The franchisor is defined as the applicant seeking MOFCOM approval to franchise. The rationale behind the rule is that the Chinese government needs to be convinced that the franchisor has real, practical experience in running the outlets, and only with such experience is a franchisor able to tackle issues that can arise from franchising operations in China. The Chinese government is concerned that if a franchisor hasn’t operated its own outlets (two for a period of one year), it lacks the qualification to tackle China. Right or wrong, this is the rule.

What is often misunderstood about this 2+1 rule is that the franchise outlets don’t need to be in China – they can be anywhere in the world. As long as the applicant for MOFCOM approval (the franchisor for China) has had corporate-owned locations for at least one year, then MOFCOM approval will not be denied as long as other aspects of the application can be proven and validated without complications.

Other crucial criteria in the MOFCOM approval process includes traceable ownership of the trademarks, clarity in corporate ownership of the applicant and the operational ownership by the applicant, with distinct and provable dates of operation.

Passing proof

The requirements are simple and direct enough, but where many franchisors trip up is in being able to present documentary proof that passes muster. Often documents from overseas (non-Chinese documents) will need to be notarized and legalized by the Chinese embassy at the country of origin to ensure the authenticity of the documents. This could be an arduous process requiring multiple steps and need for translation. When an inquiry is raised by a MOFCOM inspector, often the applicant or their attorneys are unable to promptly and comprehensively reply to queries. This kind of interaction comes only from experience and foresight, planning ahead with answers before the questions are raised.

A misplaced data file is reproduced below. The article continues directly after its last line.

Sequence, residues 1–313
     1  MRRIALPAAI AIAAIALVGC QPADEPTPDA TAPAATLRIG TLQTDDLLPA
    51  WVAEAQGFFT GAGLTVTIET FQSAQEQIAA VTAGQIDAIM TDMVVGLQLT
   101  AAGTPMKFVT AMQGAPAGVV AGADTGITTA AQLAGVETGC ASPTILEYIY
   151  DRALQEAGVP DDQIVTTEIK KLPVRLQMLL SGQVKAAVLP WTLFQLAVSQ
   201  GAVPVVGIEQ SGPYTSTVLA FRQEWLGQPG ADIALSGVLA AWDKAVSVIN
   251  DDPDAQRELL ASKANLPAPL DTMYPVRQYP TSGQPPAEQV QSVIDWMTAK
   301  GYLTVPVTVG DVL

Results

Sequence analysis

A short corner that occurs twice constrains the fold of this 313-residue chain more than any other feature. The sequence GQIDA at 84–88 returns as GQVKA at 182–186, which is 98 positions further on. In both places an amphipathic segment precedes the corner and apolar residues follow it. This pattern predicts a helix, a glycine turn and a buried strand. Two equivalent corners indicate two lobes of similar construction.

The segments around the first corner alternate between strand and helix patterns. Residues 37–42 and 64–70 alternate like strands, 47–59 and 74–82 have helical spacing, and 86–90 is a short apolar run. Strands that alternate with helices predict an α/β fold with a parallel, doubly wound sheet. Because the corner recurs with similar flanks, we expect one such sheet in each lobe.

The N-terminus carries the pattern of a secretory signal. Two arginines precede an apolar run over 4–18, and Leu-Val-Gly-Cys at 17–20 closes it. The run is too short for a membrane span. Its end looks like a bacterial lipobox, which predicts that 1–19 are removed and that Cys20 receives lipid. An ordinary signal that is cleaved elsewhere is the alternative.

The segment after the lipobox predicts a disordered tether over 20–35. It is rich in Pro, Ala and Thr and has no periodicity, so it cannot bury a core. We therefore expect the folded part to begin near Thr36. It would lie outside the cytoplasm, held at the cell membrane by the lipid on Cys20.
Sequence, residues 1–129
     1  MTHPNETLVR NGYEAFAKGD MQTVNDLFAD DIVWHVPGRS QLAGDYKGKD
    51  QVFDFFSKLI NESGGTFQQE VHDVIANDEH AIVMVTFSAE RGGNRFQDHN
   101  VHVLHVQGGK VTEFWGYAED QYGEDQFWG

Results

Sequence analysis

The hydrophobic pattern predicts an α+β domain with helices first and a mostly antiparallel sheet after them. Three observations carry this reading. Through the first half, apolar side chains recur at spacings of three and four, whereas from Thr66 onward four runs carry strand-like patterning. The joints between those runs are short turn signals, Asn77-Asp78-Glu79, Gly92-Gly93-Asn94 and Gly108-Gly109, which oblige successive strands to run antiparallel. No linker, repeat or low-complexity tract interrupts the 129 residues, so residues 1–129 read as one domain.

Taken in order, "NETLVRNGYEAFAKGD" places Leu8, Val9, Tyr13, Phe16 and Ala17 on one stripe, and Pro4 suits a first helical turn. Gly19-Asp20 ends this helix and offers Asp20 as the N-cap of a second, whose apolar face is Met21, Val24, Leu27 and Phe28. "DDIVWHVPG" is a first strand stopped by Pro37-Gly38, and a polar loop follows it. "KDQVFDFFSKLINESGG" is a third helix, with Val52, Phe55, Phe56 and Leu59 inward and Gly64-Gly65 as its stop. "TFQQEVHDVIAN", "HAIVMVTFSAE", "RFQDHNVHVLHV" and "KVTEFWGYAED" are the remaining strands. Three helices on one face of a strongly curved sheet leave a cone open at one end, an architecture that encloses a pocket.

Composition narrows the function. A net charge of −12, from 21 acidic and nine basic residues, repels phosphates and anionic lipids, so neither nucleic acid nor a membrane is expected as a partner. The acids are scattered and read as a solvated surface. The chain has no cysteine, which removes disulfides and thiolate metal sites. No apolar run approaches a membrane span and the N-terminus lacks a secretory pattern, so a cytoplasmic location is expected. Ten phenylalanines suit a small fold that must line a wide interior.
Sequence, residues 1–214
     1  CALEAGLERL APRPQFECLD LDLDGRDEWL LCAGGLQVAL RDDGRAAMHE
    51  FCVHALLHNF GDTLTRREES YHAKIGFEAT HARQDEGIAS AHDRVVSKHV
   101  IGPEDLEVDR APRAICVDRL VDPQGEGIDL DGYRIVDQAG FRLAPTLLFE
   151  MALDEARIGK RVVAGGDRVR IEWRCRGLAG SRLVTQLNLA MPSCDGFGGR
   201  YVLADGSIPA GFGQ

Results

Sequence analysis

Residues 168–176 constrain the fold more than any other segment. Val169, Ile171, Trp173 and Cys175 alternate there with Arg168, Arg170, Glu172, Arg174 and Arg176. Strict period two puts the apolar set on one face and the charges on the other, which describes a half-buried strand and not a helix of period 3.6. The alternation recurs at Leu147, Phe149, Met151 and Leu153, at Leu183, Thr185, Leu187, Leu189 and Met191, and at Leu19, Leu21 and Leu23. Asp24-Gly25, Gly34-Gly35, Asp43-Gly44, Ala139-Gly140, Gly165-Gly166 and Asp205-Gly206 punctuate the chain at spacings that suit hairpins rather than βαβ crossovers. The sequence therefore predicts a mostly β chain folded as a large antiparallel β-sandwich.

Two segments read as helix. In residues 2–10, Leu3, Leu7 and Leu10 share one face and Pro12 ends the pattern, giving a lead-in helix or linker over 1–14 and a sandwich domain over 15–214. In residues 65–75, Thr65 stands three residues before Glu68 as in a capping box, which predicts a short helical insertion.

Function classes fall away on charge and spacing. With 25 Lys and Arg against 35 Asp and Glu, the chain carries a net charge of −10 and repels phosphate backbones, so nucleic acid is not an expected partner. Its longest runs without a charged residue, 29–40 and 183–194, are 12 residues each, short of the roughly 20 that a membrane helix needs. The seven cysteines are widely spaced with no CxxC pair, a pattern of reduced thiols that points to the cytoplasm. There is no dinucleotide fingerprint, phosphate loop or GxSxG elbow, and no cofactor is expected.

Finally, the biggest issue for many applicants is failure to simply and logically structure their own house prior to applying for approval at MOFCOM. Like with all government agencies, follow the KISS principle – keep it simple stupid.

Time and time again, our experience leads us to conclude that meandering through the MOFCOM process is not difficult if well prepared, well planned and managed by seasoned professionals.

So don’t be misled or misinformed. You may qualify to franchise in China and take advantage of the 1.4 billion eager consumers as long as you have operated two outlets anywhere in the world for at least one year. The process to successfully achieve approval may take up to a year, so if the process begins even before the one year of operational experience expires, you will still be qualified when it is up for final approval review. As our firm motto says: If you have a brand, we have a plan. Don’t get left behind!

The author

Peter C. Pang is the principal attorney and managing partner of IPO Pang Xingpu, helping foreign enterprises obtain entry into highly regulated Chinese industries